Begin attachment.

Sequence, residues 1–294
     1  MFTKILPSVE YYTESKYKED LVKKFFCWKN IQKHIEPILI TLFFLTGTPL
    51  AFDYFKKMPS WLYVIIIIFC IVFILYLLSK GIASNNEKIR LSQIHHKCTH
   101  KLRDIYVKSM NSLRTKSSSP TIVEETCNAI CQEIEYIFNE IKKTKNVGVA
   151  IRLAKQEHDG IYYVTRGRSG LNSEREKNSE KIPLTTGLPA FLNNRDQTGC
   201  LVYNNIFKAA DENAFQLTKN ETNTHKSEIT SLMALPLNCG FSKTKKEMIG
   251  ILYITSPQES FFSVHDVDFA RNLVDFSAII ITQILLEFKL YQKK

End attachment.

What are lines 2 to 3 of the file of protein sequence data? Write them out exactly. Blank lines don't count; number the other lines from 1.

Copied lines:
     1  MFTKILPSVE YYTESKYKED LVKKFFCWKN IQKHIEPILI TLFFLTGTPL
    51  AFDYFKKMPS WLYVIIIIFC IVFILYLLSK GIASNNEKIR LSQIHHKCTH